Are oats celiac-safe? Oats are a highly controversial subject when it comes to celiac disease. With varying celiac associations coming out with varying degrees of certainty around their safety, and with countries like Australia out-right calling them unsafe, it’s easy to see how people might be confused about their safety.
In this post I will talk about why oats are controversial and if/when they are safe for celiac.
DISCLAIMER: this post was written with the United States and their labeling laws in mind, always make sure to do your own research.
To understand if oats are celiac-safe, it’s helpful to understand how they are processed. Here’s a quick lesson in how oats fit into our food system.
Because the oat supply is so heavily intertwined with our supply of gluten-containing grains, the safety of oats has been questioned. However, the good news is that Oats are naturally gluten-free and researchers caught on to their high-risk for cross-contact and so protocols were made and research on their safety was done.
Are oats celiac-safe? We know that oats are at high-risk for cross-contact with gluten due to their growing, processing and manufacturing steps.
So what oats are safe for celiac? In order for oats to be considered celiac-safe, they must be purity protocol or certified gluten-free. This is one of the (rare) cases where a gluten-free claim doesn’t cut it.
Perhaps, the gold standard of oats safe for celiacs are those processed via a “purity protocol”.
Purity protocol oats are oats that generally must:
Oats made following this protocol are generally considered the least triggering for people with celiac.
The Gluten-Free Watchdog has a list of verified purity protocol oats if you’re looking for them.
I like these ones from Amazon (note this is an affiliate link).
Unlike purity protocol oats, certified gluten-free oats are not required to meet as stringent criteria. They are however subjected to the 3rd party certifier’s ppm qualifiers.
For example, if oats are certified gluten-free by the Gluten Intolerance Group of North America (GFCO), then they must test to below 10ppm of gluten. This is far less than the FDA generally safe standard of <20ppm of gluten.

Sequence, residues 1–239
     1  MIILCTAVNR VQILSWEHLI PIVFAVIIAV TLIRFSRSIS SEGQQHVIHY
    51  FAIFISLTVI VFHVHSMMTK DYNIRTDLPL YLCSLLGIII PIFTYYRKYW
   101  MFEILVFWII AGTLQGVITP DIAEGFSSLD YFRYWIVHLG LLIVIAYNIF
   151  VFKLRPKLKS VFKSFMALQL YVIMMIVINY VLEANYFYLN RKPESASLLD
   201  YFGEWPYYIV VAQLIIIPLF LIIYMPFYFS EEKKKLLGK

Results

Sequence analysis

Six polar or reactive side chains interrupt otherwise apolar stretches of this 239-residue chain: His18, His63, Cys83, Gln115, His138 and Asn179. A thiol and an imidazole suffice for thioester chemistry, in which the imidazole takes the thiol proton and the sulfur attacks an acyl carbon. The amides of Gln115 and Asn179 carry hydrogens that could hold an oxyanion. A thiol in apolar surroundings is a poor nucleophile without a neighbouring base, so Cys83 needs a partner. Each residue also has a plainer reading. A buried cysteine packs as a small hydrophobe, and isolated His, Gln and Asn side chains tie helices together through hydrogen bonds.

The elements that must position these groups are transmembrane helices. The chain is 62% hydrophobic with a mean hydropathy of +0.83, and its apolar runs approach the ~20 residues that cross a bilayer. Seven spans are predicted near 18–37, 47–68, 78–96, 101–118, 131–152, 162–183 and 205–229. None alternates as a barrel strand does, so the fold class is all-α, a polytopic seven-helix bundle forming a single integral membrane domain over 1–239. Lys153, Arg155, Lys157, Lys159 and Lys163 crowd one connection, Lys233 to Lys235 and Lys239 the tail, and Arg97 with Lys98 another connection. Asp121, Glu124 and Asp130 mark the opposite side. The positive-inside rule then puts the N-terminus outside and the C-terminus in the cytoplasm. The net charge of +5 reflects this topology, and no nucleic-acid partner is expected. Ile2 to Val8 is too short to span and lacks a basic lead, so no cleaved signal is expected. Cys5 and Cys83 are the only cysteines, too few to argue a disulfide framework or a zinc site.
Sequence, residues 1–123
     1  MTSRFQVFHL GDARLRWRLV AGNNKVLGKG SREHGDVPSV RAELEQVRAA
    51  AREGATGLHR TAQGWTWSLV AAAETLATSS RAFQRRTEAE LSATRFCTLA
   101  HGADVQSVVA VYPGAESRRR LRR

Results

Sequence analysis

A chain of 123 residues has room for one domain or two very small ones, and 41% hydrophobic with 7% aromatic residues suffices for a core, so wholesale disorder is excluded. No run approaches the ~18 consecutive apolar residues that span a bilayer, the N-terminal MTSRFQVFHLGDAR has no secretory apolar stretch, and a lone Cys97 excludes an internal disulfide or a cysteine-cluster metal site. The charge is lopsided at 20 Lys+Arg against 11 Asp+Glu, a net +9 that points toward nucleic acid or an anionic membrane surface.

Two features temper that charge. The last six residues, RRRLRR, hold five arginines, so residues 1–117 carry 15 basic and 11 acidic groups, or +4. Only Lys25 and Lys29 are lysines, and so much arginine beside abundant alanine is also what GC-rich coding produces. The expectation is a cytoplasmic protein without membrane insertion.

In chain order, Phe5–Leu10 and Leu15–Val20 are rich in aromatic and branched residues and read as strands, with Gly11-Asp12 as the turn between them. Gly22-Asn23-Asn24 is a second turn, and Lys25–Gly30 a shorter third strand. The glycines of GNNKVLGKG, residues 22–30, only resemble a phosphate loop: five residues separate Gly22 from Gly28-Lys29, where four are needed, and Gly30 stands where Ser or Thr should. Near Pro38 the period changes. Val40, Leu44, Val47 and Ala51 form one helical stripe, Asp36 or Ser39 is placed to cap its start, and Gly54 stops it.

This 3rd party testing is what helps keep manufacturers accountable, so we don’t have another Cheerio’s incident (read my post about the safety of Oreos to learn more about that).
The last way oats are safe for celiac is if they are in a certfied gluten-free product.
So if you see oats on an ingredient list that aren’t specified to be certified gluten-free or purity protocol BUT the product is certfied gluten-free, then the product is safe.
IF however, the product has oats that are not designated to be purity protocol or certified gluten-free and there is no gluten-free certification on the label, the product is not considered safe. This goes for if there is a gluten-free claim too.
The product must be certified gluten-free if the oats in the ingredients are not certified gluten-free or purity protocol.
Despite celiac-safe oats being available, some people find they still react to them.
There’s a wide-spectrum here, some people find they do fine with certified gluten-free oats, some people find they can only safely eat purity protocol oats.
So what’s going? Why do some people react and other’s don’t?
There are a lot of things that could be going on here like:
This variance in reaction is why oats are so controversial. There are lots of things that play into people’s tolerance and that’s why, ultimately, it’s up to you, and your health care team to determine what’s right for you.
As always, double check with your health care provider to see if they are right for you. This post is not meant to take the place of individualized health-care but simply to provide information. I’m curious though, out of all of my readers, where does your body stand with oats?
Were you confused about oats? Do you need help taking back your life from celiac? Go from overwhelmed to confident through my coaching services!